Haleuya Habagaro says she always knew her coffee was exquisite. "When I roast the coffee, people come to ask where that strong fruity smell is coming from." Gregory Warner/NPR hide caption

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How An Ethiopian Bean Became The Cinderella Of Coffee

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Richard Crompton sets his novel in 2007 Nairobi, a time when a small elite held power over an impoverished, restless majority. Nigel Pavitt/JAI/Corbis hide caption

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In Nairobi, A Maasai Detective Pursues Elusive Justice

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The Mathare Valley, shown here in an aerial map, is one of the largest and oldest slums in Nairobi, Kenya. Residents are using hand-held GPS devices to map the area, which comprises 13 villages and is home to nearly 200,000 people. Courtesy of Muungano Support Trust and Jason Corburn, UC Berkeley hide caption

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Courtesy of Muungano Support Trust and Jason Corburn, UC Berkeley

In Kenya, Using Tech To Put An 'Invisible' Slum On The Map

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50 Years Ago, Raid Seals Mandela's Fate And His Fame

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Obama Promises Billions To Double Africa's Electricity Access

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When Barack Obama was a U.S. senator in 2006, he visited Kenya, the homeland of his father. He's shown here planting a tree with Wangari Maathai, a Kenyan who won the Nobel Peace Prize. He is not stopping in Kenya on his current African tour, however, a decision that has upset many Kenyans. Simon Maina/AFP/Getty Images hide caption

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U.S. Investors, Businesses Hesitant To Set Up In Africa

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Mau Mau leader Gitu wa Kahengeri, right, poses with British High Commissioner to Kenya Christian Turner at the end of a news conference announcing the settlement last week. Ben Curtis/AP hide caption

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Britain Apologizes For Colonial-Era Torture Of Kenyan Rebels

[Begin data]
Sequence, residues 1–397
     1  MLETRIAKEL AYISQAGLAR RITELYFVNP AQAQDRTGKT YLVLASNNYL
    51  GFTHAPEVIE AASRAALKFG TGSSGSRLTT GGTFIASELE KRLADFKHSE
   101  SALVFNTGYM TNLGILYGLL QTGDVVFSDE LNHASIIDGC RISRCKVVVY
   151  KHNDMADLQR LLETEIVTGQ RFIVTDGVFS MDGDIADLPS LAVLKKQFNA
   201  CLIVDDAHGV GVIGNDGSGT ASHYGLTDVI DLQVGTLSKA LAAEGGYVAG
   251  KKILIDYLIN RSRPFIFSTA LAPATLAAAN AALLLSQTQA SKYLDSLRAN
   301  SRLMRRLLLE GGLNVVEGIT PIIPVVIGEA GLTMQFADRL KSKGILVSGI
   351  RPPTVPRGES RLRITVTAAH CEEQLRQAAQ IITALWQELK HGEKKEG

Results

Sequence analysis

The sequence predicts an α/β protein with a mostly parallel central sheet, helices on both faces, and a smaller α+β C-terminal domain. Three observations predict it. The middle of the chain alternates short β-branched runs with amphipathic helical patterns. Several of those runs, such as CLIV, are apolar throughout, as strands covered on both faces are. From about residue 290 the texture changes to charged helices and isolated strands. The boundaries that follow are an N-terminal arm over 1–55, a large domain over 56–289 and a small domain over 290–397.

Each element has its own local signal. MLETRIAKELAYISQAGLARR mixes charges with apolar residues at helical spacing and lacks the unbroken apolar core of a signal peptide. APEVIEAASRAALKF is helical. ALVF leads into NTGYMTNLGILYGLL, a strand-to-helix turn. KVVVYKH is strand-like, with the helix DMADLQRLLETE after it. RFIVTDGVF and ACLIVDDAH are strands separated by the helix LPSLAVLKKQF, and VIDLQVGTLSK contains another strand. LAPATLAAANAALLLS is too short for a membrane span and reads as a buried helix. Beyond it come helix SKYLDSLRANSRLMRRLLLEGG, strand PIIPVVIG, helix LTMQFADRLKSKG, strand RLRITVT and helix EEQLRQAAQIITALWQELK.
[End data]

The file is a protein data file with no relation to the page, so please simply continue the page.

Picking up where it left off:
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Reporter Donna Ali, 18, awaits her turn to go on air. Shabelle hires reporters as young as 15. Gregory Warner/NPR hide caption

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For Young Somali Journalists, Work Often Turns Deadly

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Secretary Kerry Urges U.S. Firms To Invest In Africa

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Kenyans watch a presentation at the "mobile apps garage showcase" this in Nairobi. Gregory Warner/NPR hide caption

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A black dehorned rhinoceros is followed by a calf at the Bona Bona Game Reserve in 2012. South Africa has seen a devastating increase in poaching in recent years as black-market demand for rhino horn has grown. Stephane de Sakutin/AFP/Getty Images hide caption

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Can Economics Save The African Rhino?

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Mike Watson (left), CEO of Kenya's Lewa Conservancy, and conservationist Ian Craig identify the carcass of a 4-year-old black rhino named Arthur, whom poachers had killed the night before. The well-armed, well-informed poachers very likely used night vision goggles and a silencer on an AK-47. Gregory Warner/NPR hide caption

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The Enemy Inside: Rhino's Protectors Sometimes Aid Poachers

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